Dubbed the ‘back to work’ budget, the overall theme was how to boost economic activity in the UK by reducing the number of people who are economically inactive.
To achieve this, the Chancellor unveiled several new measures.
‘Returnerships’ aimed at over 50s
The pandemic prompted an exodus of over 50s from the workplace, leaving many employers struggling to fill vacancies.
To remedy this, a new returnership scheme will be introduced to encourage over 50s to return to work or retrain.
While loosely modelled on more traditional apprenticeship schemes, returnerships will be shorter in length, more flexible, and account for experience.
A new returnership scheme will be introduced to encourage over 50s to return to work or retrain
Putting measures in place
Full details are still to be released but employers will need to start thinking about what type of contract returners would be on, their pay and benefits, what support and training they’ll need to provide, how they’ll recruit and retain, and eligibility, etc.
It’s also important to recognise that the wants and needs of over 50s will vary from younger workers, so employers should put measures in place to directly meet their expectations.
For example, they may prioritise part-time and job-sharing arrangements, phased retirement options, enhanced family-related leave and pay, including grand-parental leave, private health schemes and increased pension contributions.
The wants and needs of over 50s will vary from younger workers, so employers should put measures in place to directly meet their expectations
Enhanced childcare funding
This measure will be a great relief for many working parents.
As it stands, families with young children aged three and four years old are eligible for 30 hours of free childcare per week.
However, the government has recognised the limitations this puts upon parents who are unable to work or are restricted to part-time roles – especially as the UK’s childcare costs are among the highest in the world.
Starting from April 2024, a phased scheme will see childcare support extended to eligible households.
All adults who work more than 16 hours per week will be entitled to 30 hours of childcare per week for each child aged nine months and above.
Starting from April 2024, a phased scheme will see childcare support extended to eligible households
Employees need to assess support
But, since the first of the proposed measures aren’t expected to take effect for more than a year, employers should assess the support they can offer to employees now, to ensure they remain in, or are able to return to, work.
Providing adequate and effective support such as flexible working options or parental leave, can help working parents juggle their responsibilities more effectively.
There are several things employers should prepare for when this extra support is introduced, such as an increase in flexible working requests so parents can abide by nursery pick up/drop off times rather than rely on family members and childminders.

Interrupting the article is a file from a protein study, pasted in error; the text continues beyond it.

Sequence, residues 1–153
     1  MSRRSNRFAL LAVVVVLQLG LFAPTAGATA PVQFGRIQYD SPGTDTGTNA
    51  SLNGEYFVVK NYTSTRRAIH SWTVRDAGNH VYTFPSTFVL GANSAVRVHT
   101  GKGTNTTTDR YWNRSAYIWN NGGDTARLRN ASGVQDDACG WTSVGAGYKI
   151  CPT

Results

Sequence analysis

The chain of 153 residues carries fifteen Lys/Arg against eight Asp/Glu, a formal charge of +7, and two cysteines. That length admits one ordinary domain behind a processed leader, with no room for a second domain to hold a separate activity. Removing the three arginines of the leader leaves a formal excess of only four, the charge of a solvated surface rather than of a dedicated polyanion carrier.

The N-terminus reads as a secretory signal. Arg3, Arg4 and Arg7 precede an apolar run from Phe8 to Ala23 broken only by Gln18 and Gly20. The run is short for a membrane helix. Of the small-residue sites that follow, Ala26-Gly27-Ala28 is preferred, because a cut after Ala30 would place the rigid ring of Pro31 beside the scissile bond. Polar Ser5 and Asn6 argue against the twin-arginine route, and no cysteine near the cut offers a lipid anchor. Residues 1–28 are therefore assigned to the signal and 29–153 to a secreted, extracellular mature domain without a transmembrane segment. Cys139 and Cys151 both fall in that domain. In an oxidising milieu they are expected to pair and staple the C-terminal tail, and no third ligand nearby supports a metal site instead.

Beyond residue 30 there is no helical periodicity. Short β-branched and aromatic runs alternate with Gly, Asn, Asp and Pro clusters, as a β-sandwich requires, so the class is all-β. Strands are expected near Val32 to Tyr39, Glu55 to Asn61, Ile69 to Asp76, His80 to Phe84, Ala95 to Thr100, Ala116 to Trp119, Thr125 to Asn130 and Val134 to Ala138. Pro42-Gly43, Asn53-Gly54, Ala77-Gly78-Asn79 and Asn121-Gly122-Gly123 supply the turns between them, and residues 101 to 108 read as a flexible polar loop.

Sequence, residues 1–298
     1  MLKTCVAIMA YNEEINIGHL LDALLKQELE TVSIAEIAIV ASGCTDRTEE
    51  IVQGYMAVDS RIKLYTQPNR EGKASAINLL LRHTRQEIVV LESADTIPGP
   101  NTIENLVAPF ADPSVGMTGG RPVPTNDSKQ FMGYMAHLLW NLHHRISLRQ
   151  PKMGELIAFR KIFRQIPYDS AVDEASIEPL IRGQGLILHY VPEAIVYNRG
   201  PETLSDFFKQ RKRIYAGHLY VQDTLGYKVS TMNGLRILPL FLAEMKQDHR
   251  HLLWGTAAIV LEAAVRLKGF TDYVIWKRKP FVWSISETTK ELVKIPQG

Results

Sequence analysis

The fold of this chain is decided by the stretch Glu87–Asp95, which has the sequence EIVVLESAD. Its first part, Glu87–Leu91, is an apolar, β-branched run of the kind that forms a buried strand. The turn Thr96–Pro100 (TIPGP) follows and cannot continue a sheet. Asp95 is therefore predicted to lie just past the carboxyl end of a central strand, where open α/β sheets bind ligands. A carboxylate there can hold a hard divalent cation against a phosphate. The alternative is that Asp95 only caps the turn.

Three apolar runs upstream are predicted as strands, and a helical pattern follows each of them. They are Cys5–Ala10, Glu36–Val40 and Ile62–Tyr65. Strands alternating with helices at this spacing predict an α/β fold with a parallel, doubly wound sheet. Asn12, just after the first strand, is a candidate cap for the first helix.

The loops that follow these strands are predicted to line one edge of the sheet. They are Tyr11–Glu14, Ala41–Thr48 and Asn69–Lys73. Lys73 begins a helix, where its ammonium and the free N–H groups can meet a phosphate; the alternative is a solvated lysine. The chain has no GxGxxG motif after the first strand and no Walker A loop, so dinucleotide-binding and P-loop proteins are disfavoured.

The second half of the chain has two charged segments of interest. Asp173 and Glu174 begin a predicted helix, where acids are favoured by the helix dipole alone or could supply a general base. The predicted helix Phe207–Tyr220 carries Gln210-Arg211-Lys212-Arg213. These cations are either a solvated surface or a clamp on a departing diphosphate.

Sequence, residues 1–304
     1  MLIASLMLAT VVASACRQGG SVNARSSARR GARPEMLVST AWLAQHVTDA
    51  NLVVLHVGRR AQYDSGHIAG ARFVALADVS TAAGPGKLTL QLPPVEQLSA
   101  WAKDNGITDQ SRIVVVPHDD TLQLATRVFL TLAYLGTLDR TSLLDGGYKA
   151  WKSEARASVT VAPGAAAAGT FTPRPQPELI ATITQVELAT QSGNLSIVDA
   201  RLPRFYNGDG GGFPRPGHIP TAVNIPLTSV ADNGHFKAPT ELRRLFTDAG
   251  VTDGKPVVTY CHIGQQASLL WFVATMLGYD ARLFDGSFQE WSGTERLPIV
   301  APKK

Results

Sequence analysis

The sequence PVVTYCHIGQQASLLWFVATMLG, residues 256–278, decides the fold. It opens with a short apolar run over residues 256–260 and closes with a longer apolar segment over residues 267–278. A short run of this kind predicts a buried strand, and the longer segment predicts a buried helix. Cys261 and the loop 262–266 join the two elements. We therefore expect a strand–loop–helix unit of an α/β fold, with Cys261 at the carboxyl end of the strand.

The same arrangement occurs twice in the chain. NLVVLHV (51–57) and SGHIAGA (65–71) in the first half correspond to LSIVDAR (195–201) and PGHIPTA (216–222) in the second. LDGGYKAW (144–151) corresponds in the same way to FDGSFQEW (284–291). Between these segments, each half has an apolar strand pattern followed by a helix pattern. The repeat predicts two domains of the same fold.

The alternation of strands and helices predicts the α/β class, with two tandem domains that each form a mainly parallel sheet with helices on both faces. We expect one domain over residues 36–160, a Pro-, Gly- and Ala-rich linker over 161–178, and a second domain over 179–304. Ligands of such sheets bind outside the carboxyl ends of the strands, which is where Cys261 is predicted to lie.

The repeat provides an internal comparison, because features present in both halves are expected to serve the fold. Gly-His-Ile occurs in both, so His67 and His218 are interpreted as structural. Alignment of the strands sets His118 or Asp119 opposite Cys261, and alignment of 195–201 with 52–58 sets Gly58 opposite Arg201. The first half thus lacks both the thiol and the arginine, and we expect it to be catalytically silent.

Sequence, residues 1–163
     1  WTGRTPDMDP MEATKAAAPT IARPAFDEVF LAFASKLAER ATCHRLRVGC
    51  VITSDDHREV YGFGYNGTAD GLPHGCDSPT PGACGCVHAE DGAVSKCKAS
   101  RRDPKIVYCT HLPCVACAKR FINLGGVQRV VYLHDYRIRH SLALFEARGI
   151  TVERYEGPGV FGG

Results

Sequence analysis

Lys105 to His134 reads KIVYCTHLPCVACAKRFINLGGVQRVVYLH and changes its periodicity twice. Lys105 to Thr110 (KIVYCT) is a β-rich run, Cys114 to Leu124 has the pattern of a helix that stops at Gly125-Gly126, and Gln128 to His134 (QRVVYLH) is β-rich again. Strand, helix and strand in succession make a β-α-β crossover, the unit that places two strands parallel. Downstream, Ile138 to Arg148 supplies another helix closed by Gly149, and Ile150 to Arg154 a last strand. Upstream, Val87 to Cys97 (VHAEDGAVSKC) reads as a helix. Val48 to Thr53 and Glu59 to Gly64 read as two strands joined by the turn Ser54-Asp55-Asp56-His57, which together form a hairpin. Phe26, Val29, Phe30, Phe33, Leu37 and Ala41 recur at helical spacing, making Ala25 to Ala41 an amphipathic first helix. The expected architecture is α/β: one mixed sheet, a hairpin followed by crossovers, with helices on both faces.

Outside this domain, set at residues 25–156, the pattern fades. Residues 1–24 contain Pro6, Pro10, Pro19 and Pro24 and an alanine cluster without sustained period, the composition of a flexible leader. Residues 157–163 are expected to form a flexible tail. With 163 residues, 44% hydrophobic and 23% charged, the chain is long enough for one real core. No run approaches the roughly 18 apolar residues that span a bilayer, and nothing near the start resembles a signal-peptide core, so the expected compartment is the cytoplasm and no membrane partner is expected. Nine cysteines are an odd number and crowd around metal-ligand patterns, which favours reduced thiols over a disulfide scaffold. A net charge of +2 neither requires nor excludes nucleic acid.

You may also see an increase in requests for parental leave to settle children into new childcare arrangements, and more employees may be impacted by any disruption in nurseries opening hours – which could impact business operations.
Employers should assess the support they can offer to employees now, to ensure they remain in, or are able to return to, work
Employers will also need to consider how they appeal to jobseekers who previously left the workforce due to childcare responsibilities, considering their needs and expectations.
Support for disabled and sick people
The Chancellor has pledged £400 million to support those who have previously left the workforce due to mental health or musculoskeletal issues.
This funding will help those with long-term health conditions to return to and stay in work. It will be underpinned by a new voluntary employment scheme to help disabled people find work.
Employers will need to consider how they can support people back into the workplace.
Reassessing EDI policies
This could include implementing reasonable adjustments during the recruitment phase as well as throughout employment, offering more flexible working arrangements, reviewing the accessibility of their workplace, making sure equality, diversity and inclusion (EDI) policies and practices are relevant and reasonable, training managers on absence management issues and exceptions for disabled workers.
The 5p cut to fuel duty will be extended for another year, keeping costs on petrol and diesel from skyrocketing
Those are the key HR takeaways for employers. But several other measures will also have an impact, namely the abolishment of the pension lifetime allowance and the annual tax-free pension allowance rising to £60k.
Employers in the childcare sector will benefit from more operational flexibility as the staff-to-child ratio is set to increase from 1:4 to 1:5.
From 2026, all schools will offer wraparound care – more commonly known as before- and after-school clubs – giving greater opportunities for working parents to take on full-time roles.
The news that the Energy Price Guarantee will be extended, capping household costs at £2,500 until the end of June, will offer a degree of comfort and reassurance to many.
Likewise, the 5p cut to fuel duty will be extended for another year, keeping costs on petrol and diesel from skyrocketing.
And lastly, corporation tax, paid by businesses, will increase from 19% to 25%.
If you enjoyed this, read: The ripple effect: Managing the economic fall-out post-pandemic